The standard by which the lawfulness of the decision to prorogue is to be judged is as follows:

“… a decision to prorogue Parliament (or to advise the monarch to prorogue Parliament) will be unlawful if the prorogation has the effect of frustrating or preventing, without reasonable justification, the ability of Parliament to carry out its constitutional functions as a legislature and as the body responsible for the supervision of the executive. In such a situation, the court will intervene if the effect is sufficiently serious to justify such an exceptional course.”


This is a two-stage test.  First, whether Parliament’s ability to perform is frustrated.  Second, “whether there is a reasonable justification for taking action which has such an extreme effect upon the fundamentals of our democracy.”


Prorogation frustrated, and prevented Parliament’s ability to perform its legislative functions, and its supervision of the executive:

“This was not a normal prorogation in the run-up to a Queen’s Speech. It prevented Parliament from carrying out its constitutional role for five out of a possible eight weeks between the end of the summer recess and exit day [from the European Union] on the 31st October.”

Ordinarily, “this might not matter”.  These are “exceptional” circumstances, however:

“A fundamental change was due to take place in the Constitution of the United Kingdom on 31st October 2019. Whether or not this is a good thing is not for this or any other court to judge. The people have decided that. But that Parliament, and in particular the House of Commons as the democratically elected representatives of the people, has a right to have a voice in how that change comes about is indisputable. And the House of Commons has already demonstrated, by its motions against leaving without an agreement and by the European Union (Withdrawal) (No 2) Act 2019, that it does not support the Prime Minister on the critical issue for his Government at this time and that it is especially important that he be ready to face the House of Commons.”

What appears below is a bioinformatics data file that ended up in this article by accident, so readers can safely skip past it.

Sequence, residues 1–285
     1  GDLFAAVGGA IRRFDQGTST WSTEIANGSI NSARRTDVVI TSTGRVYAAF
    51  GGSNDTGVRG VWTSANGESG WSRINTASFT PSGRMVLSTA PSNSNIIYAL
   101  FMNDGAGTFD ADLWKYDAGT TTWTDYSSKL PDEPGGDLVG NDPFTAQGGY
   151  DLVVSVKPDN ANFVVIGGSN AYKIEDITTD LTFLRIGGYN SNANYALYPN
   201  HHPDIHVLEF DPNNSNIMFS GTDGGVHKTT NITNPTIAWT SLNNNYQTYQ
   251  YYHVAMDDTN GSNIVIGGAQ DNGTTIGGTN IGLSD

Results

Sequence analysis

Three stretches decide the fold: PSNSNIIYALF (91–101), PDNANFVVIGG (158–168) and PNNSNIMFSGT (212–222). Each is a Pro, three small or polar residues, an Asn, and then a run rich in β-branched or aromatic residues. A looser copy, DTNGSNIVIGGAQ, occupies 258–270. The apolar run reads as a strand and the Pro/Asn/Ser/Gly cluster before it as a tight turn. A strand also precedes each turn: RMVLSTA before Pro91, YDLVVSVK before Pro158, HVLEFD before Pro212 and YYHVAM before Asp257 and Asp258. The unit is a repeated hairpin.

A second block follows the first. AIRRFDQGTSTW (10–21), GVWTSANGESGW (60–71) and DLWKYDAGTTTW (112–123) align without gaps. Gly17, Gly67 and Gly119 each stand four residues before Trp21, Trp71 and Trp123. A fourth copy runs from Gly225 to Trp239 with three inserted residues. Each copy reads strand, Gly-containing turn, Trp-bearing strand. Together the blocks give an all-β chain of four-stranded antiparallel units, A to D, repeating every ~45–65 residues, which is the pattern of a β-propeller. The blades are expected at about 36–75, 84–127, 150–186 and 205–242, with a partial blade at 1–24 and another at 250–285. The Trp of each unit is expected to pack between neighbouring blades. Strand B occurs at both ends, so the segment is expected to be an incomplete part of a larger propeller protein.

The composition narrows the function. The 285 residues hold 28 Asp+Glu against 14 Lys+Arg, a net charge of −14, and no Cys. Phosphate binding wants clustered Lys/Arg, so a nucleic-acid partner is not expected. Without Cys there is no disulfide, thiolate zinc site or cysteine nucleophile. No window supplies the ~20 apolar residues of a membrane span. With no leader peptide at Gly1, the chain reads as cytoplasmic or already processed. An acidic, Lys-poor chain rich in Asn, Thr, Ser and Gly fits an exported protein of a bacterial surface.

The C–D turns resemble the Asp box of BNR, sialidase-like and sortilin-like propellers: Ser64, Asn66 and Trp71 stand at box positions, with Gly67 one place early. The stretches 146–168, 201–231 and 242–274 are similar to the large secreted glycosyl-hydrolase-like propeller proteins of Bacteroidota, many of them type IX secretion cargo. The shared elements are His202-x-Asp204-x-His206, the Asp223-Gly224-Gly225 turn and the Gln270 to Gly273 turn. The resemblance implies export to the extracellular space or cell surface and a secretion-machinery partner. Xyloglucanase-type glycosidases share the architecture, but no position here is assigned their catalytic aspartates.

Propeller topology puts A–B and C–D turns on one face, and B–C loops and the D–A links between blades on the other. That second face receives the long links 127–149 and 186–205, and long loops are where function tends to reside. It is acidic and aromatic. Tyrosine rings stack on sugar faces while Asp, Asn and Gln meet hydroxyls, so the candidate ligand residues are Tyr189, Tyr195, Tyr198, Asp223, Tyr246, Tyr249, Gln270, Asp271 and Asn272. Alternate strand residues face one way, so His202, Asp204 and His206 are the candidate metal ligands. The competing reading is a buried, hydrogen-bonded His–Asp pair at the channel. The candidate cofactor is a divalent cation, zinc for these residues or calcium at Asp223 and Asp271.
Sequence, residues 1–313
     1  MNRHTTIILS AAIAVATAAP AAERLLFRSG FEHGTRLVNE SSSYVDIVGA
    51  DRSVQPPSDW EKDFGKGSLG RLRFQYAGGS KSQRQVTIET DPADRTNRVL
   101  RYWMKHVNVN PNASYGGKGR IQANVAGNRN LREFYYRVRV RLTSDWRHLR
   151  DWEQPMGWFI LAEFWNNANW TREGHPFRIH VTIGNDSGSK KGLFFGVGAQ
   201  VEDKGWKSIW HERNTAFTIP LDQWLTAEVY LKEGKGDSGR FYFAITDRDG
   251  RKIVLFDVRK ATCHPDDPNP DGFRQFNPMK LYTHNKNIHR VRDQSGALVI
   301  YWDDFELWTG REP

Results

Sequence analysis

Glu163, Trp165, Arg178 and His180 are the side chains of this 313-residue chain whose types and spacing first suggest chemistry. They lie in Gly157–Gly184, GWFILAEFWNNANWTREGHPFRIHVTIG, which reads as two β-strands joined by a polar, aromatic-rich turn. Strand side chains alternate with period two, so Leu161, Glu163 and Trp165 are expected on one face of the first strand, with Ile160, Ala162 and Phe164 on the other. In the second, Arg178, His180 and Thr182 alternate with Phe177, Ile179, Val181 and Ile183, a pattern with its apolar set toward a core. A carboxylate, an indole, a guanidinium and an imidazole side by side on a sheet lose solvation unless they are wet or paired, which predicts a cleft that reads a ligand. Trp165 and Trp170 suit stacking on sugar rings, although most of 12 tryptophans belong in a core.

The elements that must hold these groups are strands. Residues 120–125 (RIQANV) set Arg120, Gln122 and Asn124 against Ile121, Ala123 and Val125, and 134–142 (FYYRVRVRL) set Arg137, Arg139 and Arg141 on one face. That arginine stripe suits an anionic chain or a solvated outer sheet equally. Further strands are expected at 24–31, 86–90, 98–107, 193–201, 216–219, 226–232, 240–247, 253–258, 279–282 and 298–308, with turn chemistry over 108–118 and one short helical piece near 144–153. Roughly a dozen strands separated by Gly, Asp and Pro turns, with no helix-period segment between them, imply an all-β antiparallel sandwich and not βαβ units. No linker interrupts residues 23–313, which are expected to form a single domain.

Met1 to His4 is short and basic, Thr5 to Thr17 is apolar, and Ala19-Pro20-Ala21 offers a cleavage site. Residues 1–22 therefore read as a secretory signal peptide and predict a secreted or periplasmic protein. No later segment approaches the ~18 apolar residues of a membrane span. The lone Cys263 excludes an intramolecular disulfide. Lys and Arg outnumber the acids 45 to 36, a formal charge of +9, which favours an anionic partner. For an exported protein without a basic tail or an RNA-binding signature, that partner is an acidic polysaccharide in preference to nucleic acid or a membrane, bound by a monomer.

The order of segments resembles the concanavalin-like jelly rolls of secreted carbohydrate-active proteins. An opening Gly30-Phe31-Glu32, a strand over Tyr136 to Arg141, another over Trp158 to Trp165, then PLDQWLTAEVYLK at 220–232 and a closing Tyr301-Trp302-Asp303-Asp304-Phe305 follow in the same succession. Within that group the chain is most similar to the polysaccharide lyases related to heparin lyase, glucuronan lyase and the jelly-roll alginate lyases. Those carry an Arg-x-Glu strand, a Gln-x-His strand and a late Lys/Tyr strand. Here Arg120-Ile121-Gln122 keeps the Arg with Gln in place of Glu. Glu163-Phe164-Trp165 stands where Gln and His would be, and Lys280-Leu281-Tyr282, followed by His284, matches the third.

No reasonable justification

The court was “not concerned” with the Prime Minister’s “motive”, but rather, whether there was “a good reason” to do as he did.  No reason was given.  What, then, was the need for a five-week prorogation?  Accordingly, the Supreme Court gave judgment that:

“It is impossible for us to conclude, on the evidence which has been put before us, that there was any reason – let alone a good reason – to advise Her Majesty to prorogue Parliament for five weeks, from 9th or 12th September until 14th October. We cannot speculate, in the absence of further evidence, upon what such reasons might have been. It follows that the decision was unlawful.”


The court can declare that the advice given to the Queen was unlawful.  “This means that it was null and of no effect.”  The court is not precluded, however, from considering the validity of the prorogation itself.  Accordingly, the court found that:

“… Parliament has not been prorogued and that this court should make declarations to that effect. We have been told by counsel for the Prime Minister that he will ‘take all necessary steps to comply with the terms of any declaration made by the court’ and we expect him to do so. However, it appears to us that, as Parliament is not prorogued, it is for Parliament to decide what to do next.”


The Advocate General’s appeal from the Inner House of the Court of Session was dismissed.  Mrs Miller’s appeal from High Court of England and Wales – which bypassed the Court of Appeal of England and Wales by virtue of a “leap-frog” certificate – was allowed.  This judgment will have ramifications for the principles of parliamentary sovereignty, parliamentary accountability, and representative democracy for years, decades, and perhaps even centuries to come.